Vast parts of the U.S. government shut down at midnight Friday after the Senate failed to pass a spending bill that included $5.7 billion to fund one of President Donald Trump's biggest priorities: a physical border wall on the border with Mexico. The shutdown will affect hundreds of thousands of government workers, many of whom will be asked to work without pay until a deal is reached.
The Senate adjourned at 8:30 p.m. Friday with no deal in sight, so as funding ran out at midnight, a partial government shutdown began, affecting nine federal agencies including the Departments of Agriculture, Commerce, Homeland Security, Housing and Urban Development, Interior, Justice, State, Transportation and Treasury.
President Trump backed a bill he knew even the Republican-controlled Senate would not pass, and yet on Twitter, he blamed the Democrats: “There’s nothing we can do about that because we need the Democrats to give us their votes.”
The Senate is scheduled to resume negotiations on Saturday, but until they reach a deal, it's another government shutdown, the third of the year when Republicans have had complete control of the levers of government.
Here’s how it breaks down:
800,000 federal employees will either temporarily work without pay or be placed on leave.
About 420,000 federal workers are considered "essential" and will be expected to work without pay and 380,000 federal workers are being sent home, according to data compiled by Senate Democrats.
People who have jobs in public safety functions will have to report to work without pay, and will receive delayed salaries. That includes some employees in the Homeland Security Department, Transportation Department and Justice Department. This means that border control agents, TSA agents, air traffic controllers, federal law enforcement and prison employees will remain on duty without pay during the holidays. These workers should be able to collect the pay they’re owed after the shutdown is over.
Federal employees placed on leave without pay include Department of Commerce and NASA staff, Forest and National Park Services, IRS, Housing and Urban Development workers, and some Transportation Department employees, according to the Senate Dems data report.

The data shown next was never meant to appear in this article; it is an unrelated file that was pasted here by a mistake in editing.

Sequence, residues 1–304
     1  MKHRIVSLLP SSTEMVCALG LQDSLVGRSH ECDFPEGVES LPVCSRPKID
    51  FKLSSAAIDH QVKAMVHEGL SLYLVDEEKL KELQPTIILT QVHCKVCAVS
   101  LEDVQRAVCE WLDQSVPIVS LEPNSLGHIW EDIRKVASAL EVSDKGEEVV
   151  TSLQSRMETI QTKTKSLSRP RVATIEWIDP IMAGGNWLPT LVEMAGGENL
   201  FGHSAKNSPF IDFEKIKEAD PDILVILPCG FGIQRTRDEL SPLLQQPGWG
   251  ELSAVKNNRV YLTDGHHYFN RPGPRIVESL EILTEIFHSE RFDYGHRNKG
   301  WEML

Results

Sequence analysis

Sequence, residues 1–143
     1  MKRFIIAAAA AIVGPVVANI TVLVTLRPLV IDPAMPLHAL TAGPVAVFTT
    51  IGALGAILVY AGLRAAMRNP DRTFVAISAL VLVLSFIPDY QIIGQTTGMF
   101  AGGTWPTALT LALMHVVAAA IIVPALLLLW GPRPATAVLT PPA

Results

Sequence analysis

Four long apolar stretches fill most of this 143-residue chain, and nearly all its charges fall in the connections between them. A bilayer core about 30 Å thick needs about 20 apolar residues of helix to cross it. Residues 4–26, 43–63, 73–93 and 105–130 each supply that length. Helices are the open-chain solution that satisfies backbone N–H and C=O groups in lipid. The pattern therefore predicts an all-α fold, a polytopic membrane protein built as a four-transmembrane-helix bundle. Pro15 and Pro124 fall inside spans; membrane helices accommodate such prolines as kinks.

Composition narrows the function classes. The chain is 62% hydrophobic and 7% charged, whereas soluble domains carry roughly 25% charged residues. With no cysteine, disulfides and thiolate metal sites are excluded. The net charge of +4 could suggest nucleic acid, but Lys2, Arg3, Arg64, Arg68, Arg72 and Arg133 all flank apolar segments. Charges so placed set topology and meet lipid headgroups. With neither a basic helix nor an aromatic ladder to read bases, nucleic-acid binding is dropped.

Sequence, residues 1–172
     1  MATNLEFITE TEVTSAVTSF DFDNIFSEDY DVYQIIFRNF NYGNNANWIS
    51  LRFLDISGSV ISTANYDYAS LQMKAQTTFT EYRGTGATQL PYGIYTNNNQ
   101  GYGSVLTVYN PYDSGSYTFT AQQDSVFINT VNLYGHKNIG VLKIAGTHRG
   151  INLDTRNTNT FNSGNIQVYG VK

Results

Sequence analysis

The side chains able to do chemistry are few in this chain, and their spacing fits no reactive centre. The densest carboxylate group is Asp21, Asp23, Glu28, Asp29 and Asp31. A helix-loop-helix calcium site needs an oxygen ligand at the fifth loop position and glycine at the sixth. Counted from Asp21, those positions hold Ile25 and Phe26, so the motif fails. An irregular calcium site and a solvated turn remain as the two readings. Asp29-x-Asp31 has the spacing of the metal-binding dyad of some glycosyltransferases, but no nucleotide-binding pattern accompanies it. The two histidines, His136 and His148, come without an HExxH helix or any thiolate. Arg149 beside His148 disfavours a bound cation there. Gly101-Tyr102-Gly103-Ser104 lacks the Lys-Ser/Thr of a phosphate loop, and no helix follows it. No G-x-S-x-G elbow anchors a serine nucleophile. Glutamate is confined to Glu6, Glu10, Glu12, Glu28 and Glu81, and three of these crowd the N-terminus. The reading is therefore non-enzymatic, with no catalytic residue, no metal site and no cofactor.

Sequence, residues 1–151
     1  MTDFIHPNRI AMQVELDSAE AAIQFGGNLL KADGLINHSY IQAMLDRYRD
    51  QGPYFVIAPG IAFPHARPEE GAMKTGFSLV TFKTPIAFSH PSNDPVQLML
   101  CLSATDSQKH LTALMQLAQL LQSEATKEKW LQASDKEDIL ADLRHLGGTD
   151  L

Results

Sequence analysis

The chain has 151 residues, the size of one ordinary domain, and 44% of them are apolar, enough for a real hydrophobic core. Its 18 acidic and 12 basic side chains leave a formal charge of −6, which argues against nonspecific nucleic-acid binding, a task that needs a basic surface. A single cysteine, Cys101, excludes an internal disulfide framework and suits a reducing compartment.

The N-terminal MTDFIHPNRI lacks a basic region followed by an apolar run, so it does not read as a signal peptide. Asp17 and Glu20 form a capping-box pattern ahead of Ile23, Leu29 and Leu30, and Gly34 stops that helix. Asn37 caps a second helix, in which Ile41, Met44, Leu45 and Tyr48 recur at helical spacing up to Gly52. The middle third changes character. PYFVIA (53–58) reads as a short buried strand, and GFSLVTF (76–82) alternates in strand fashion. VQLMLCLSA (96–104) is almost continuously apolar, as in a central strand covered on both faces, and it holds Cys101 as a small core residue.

9 federal departments will close, and some non-governmental agencies will be affected.
The federal departments that will close their doors include Treasury, Agriculture, Homeland Security, Transportation, Commerce, Justice, Housing and Urban Development, State and Interior. This means that while people with more crucial roles will remain on the job without pay, the departments will not fully function.
Non-federal employees will feel the impact of the shutdown too. “Dozens” of non-governmental agencies like less-trafficked national parks may be closed, and the National Zoo in Washington will close, but the animals will still be fed and cared for. The Smithsonian Museums will be affected since both programs get their funding from the Department of Interior, according to the data report.
While federal workers have been compensated for their unpaid work and time off after previous shutdowns, it’s not guaranteed.
What about average people in the U.S.?
During the shutdown, Americans will still wait in airport security lines, have access to medical care, and be able to send last-minute holiday gifts via the mail.
Programs that fall in the category of “mandatory spending” will function, including Social Security, Medicare, and Medicaid, and the U.S. Postal Service will continue to function.
Food stamps will still be accessible, since the Department of Agriculture has a limited amount of funding to maintain the program if a new budget hasn’t been approved. And, if you’re traveling to a national park for the holidays, you might want to double-check that it’s still open, since during the government shutdown in January, one-third of national parks were closed.
Cover: The U.S. Capitol is seen reflected after rain in Washington, Friday, Dec. 21, 2018. The Republican-led House approved funding for President Donald Trump's border wall in legislation that pushes the government closer to a partial government shutdown. The bill now goes to the Senate. (AP Photo/Jose Luis Magana)